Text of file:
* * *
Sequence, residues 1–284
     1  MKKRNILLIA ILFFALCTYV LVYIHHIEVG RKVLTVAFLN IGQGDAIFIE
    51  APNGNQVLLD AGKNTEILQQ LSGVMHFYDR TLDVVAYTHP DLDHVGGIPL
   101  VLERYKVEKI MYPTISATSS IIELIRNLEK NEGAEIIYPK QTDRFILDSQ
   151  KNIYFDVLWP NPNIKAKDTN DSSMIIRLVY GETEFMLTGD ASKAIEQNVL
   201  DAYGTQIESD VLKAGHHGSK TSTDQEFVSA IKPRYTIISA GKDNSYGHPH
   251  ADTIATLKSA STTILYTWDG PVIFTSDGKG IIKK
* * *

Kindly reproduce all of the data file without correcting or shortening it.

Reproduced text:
Sequence, residues 1–284
     1  MKKRNILLIA ILFFALCTYV LVYIHHIEVG RKVLTVAFLN IGQGDAIFIE
    51  APNGNQVLLD AGKNTEILQQ LSGVMHFYDR TLDVVAYTHP DLDHVGGIPL
   101  VLERYKVEKI MYPTISATSS IIELIRNLEK NEGAEIIYPK QTDRFILDSQ
   151  KNIYFDVLWP NPNIKAKDTN DSSMIIRLVY GETEFMLTGD ASKAIEQNVL
   201  DAYGTQIESD VLKAGHHGSK TSTDQEFVSA IKPRYTIISA GKDNSYGHPH
   251  ADTIATLKSA STTILYTWDG PVIFTSDGKG IIKK